Correlation of HSD17B6 expression with immune checkpoint genes expression. ae Expression of PD-1, CTLA4, ICOS, B7-H3 and ENTPD1 negatively correlated with HSD17B6 expression in TCGA LIHC. fj Expression of PD-1, CTLA4, ICOS, B7-H3 and ENTPD1 negatively correlated with HSD17B6 expression in ICGC LIRI-JP

Transforming growth factor-β (TGF-β) has long been shown to play an essential role in establishing immune suppression and evasion [40, 41]. It has been reported that treatment with DHT, a product of HSD17B6, inhibited the expression of TGFB1 in prostate cancer [42]. Our analysis showed a significant negative correlation between HSD17B6 and TGFB1 transcript levels both in normal and HCC tissues from TCGA and ICGC LIRI-JP datasets (Fig. 15a–d). And both HSD17B6 overexpression and DHT treatment inhibited the expression of TGFB1 and PD-L1 in HepG2 cells (Fig. 15e, f).

Fig. 15
figure15

Downstream genes of HSD17B6. ad Expression of TGFB1 negatively correlated with HSD17B6 expression in TCGA LIHC and ICGC LIRI-JP. e Expression of TGFB1 and PD-L1 was reduced in HepG2 with HSD17B6 overexpression. f Expression of TGFB1 and PD-L1 was reduced in HepG2 with DHT treatment. g Schematic diagram for this study

Discussion

This study was conducted to determine the feasibility of HSD17B6 as a potential biomarker in HCC patients. Our study is the first to analyze the differential expression of HSD17B6 in HCC tissues using different public datasets and examine its roles in cancer-related signaling pathways to identify its likely biological significance in HCC carcinogenesis. Using the TCGA, ICGC, Oncomine, GEO and HPA datasets, we have shown that HSD17B6 was significantly down-regulated in HCC tissues and that its expression level was negatively correlated with the OS, PFS, RFS and DSS of HCC patients. Using public CHIP datasets, we have proven that HSD17B6 was regulated by HNF4A and DNA methylation. Furthermore, we showed here that loss of HSD17B6 affected the androgen biosynthesis and androgen signaling pathway, promoted tumor cell proliferation, migration, invasion, immune cell infiltration and immune evasion partially through TGFB1.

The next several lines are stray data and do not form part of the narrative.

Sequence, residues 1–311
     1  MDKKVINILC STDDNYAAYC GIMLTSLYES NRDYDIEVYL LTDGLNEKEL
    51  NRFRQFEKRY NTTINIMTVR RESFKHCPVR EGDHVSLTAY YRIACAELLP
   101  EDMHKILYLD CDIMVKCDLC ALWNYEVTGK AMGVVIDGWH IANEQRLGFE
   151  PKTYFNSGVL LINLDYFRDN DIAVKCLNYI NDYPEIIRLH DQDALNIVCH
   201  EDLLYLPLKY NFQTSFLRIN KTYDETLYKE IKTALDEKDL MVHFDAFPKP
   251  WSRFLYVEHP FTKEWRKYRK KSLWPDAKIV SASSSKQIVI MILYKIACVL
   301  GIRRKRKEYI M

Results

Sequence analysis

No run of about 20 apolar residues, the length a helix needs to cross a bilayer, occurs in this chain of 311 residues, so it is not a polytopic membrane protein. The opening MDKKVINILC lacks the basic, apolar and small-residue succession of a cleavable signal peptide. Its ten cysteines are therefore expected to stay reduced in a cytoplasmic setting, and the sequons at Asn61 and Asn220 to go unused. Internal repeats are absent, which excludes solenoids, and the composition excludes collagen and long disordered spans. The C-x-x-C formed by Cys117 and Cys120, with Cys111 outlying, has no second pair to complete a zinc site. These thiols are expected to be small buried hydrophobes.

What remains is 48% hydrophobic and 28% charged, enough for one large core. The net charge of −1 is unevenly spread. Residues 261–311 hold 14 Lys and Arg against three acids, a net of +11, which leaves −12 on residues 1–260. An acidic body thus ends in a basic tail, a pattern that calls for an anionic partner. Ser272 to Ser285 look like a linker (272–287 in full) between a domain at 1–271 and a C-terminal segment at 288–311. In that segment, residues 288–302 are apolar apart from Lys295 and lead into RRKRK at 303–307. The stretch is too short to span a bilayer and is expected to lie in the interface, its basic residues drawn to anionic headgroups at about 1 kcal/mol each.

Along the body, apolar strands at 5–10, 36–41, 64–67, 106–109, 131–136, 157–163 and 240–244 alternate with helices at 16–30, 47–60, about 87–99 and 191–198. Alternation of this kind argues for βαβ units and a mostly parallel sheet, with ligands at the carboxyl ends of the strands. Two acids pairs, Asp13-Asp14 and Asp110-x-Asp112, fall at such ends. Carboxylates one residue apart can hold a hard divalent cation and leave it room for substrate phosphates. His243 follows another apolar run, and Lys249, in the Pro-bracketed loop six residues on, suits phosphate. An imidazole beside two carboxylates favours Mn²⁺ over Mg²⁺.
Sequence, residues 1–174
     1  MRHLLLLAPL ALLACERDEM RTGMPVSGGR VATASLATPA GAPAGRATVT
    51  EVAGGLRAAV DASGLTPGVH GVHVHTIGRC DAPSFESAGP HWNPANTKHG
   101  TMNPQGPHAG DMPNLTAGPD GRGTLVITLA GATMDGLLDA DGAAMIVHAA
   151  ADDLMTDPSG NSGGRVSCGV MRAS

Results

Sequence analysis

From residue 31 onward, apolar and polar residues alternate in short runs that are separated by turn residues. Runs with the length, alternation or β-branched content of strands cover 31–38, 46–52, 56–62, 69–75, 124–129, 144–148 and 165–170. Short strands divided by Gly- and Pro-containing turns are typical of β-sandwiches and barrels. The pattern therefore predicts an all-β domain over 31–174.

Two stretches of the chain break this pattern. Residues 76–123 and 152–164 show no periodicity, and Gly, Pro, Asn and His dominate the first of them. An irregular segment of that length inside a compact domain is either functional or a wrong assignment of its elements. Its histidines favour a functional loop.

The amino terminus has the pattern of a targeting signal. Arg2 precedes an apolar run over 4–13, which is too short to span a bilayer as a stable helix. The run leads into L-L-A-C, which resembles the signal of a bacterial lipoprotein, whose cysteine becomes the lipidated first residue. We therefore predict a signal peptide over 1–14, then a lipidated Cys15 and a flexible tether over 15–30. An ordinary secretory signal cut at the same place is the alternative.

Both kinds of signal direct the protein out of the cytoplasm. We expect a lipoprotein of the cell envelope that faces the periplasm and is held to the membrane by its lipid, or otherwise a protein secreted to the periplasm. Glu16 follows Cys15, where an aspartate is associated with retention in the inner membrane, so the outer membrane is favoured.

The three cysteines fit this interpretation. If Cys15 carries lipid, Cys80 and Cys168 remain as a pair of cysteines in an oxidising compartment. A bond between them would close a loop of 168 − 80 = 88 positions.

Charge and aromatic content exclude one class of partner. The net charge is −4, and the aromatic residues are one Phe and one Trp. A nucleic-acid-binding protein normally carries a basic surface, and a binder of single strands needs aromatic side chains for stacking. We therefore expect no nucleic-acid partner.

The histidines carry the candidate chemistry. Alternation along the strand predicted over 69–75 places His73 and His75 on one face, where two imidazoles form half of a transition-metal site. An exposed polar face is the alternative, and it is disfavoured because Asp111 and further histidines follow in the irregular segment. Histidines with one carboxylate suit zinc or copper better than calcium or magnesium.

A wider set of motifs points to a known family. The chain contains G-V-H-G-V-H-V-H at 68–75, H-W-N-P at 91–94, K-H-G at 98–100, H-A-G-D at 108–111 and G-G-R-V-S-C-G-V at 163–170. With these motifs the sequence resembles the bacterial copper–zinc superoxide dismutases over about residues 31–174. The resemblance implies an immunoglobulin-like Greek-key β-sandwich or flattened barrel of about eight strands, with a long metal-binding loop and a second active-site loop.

HSD17B6 has both oxidoreductase and epimerase activities, involved in steroid metabolism. The oxidoreductase activity can convert 3 alpha-adiol to DHT, while the epimerase activity can convert androsterone to epi-androsterone [5, 6]. Previous studies have shown that polymorphisms of HSD17B6 gene are associated with polycystic ovary syndrome (PCOS) [8, 9]. For example, it was associated with reduced fasting glucose-insulin ratio and increased homeostasis model assessment and body mass index in the polycystic ovary syndrome group. The expression of HSD17B6 was significantly reduced in prostate cancer and it was undetectable in prostate cancers of Gleason grade higher than three [43]. In men receiving androgen-deprived therapy (ADT), patients showing biochemical progression had a higher HSD17B6 score than those without progression, suggesting that lower expression of HSD17B6 correlated with worse prognosis [44]. Its mRNA levels in castration resistant prostate cancer with bone metastatic samples were significantly lower than those without metastasis [10], indicating that HSD17B6 dysfunction involved in prostate cancer metastases. Downregulated HSD17B6 has also been identified to be associated with non-small-cell lung cancer [11], implying that it might be the key gene contributing to tumorigenesis or tumor progression in lung cancer [11]. Moreover, SNP of HSD17B6 was significantly associated with liver fibrosis risk [12]. In this study, using bioinformatics analyses of public datasets and experimentation, we have illustrated the key tumor suppressive roles of HSD17B6 in HCC samples (Fig. 15f).

DNA methylation status of CpGs, which is the best-characterized epigenetic mechanism, may play a pivotal role for downregulating HSD17B6 expression, as its expression was negatively correlated with the ratio of DNA methylation and expression of DNA methyltransferases (DNMT1, DNMT3A and DNMT3B) (Fig. 7e–j). And treatment with 5-aza, an inhibitor of DNA methylation, upregulated the HSD17B6 mRNA and protein expression of liver cancer cells (Fig. 7b–d). Actually, viral infection, chronic inflammation, and oxidative stress have been shown to affect DNMTs expression in HCC [45].Viral oncoproteins, such as the HCV core and the HBx protein of HBV, upregulate DNMT1 and DNMT3B [45]. HBx can directly interact with DNMT3A to induce abnormal hypermethylation at tumor suppressor gene (TSG) promoters [45]. Besides, HNF4A is also involved in regulation of HSD17B6, as their expression was positively correlated, and HNF4A binds the enhancer and promoter of HSD17B6. However, it is still unknown whether hypermethylation in the promoter region of HSD17B6 reduced the binding of HNF4A in HCC. Further studies are needed to more comprehensively explore the detailed molecular mechanisms of this altered biomarker in the progression of HCC.